Can the visual and performing arts help Baltimore recover from the recent riots? Baltimore’s arts leaders and elected politicians are hoping so.
Next month they’re bringing George Clinton and Parliament Funkadelic to Baltimore to give a free Friday night concert to help kick off the 34th annual Artscape festival, scheduled for July 17-19 in midtown Baltimore.
Other headliners on the MICA Main Stage at Artscape will be The Reverend Peyton’s Big Damn Band and roots reggae artists Michael Franti & Spearhead on Saturday, and jazz band Trombone Shorty & Orleans Avenue from New Orleans on Sunday.
Art will mix with urban realpolitik on Saturday as cast members from “The Wire,” the gritty HBO show filmed in Baltimore, will take part in a “town hall” discussion about empowering city youth after the recent civil unrest.
Cast member and activist Sonja Sohn will lead the “town hall” discussion titled Wired Up! from 2:30 to 4 p.m. in the Modell Performing Arts Center at The Lyric.
The goal of Wired Up!, according to materials distributed today, is “to engage attendees with a unique and meaningful interactive town hall session designed to unpack and dissect what ails our beloved city, but more importantly offer real insight, tools and resources to all attendees who wish to get involved in various mechanisms for positive change in Baltimore.”
More specifically, the news materials continued, the objective of the town hall session is “to drive awareness for two major incentives in the city: 1) voter registration and voter activation, and 2) the evaluation and solution to misdemeanor drug offense arrest and incarceration and its impact on Baltimore residents’ active and positive participation in the renaissance of Baltimore.”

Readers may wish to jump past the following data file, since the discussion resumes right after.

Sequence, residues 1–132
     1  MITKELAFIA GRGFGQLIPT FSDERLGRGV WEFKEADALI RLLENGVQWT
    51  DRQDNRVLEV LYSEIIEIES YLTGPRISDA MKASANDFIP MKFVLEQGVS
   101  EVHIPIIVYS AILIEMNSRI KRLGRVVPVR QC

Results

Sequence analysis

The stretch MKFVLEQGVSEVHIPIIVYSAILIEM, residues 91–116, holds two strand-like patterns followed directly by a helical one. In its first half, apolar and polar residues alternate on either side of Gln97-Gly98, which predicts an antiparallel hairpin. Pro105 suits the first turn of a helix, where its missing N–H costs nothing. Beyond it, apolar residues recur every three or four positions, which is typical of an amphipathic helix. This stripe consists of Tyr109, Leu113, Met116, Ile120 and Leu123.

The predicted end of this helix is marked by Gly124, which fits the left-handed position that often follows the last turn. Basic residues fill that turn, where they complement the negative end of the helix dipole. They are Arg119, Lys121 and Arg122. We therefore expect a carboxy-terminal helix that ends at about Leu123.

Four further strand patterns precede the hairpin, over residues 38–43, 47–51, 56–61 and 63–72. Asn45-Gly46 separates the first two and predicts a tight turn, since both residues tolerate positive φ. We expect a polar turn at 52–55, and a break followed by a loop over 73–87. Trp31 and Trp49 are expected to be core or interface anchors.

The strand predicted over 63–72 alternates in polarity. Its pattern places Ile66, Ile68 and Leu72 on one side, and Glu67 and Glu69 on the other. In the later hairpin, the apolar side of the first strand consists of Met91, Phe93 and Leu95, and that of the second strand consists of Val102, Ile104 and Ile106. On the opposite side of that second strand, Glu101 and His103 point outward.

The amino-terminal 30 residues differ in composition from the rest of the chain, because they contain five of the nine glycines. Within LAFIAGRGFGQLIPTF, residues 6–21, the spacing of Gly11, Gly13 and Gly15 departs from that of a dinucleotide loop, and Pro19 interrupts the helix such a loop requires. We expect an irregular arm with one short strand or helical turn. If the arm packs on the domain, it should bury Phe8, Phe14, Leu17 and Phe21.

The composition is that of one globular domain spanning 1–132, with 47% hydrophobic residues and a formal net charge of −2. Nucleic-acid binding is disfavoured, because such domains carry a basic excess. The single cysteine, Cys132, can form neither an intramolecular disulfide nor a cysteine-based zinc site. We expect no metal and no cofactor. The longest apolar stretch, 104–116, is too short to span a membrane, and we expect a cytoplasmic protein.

Blue and Yellow Make Green
The three-day event, billed as “America’s largest free arts festival” with hundreds of exhibitors, will be taking place exactly three months after the April 19 death of Freddie Gray, which sparked a period of civil unrest that has resulted in a steep drop in attendance at key public attractions in the city.
Sponsored by the Baltimore Office of Promotion & the Arts, Artscape typically adds $25 million to the local economy.
Mayor Stephanie Rawlings-Blake said today that she is counting on the festival to help aid in the city’s recovery in the aftermath of Gray’s death.
“It underscores the importance of arts in the community,” the mayor said of the festival. “Every day we see how artists are helping to rebuild and revitalize the city. . . Art and artists must play a powerful role in our recovery.”
Former Mayor Kurt Schmoke, now president of the University of Baltimore, sat next to Rawlings-Blake during today’s press event, which was held on the university’s campus.
He addressed a fittingly artistic subject – the color of his tie.
“They asked me to wear yellow and blue,” he said. “But the University of Baltimore colors are green. Blue and yellow make green, so I think I have covered all the bases. I am a recovering politician.”
For more info on events: ARTSCAPE 2015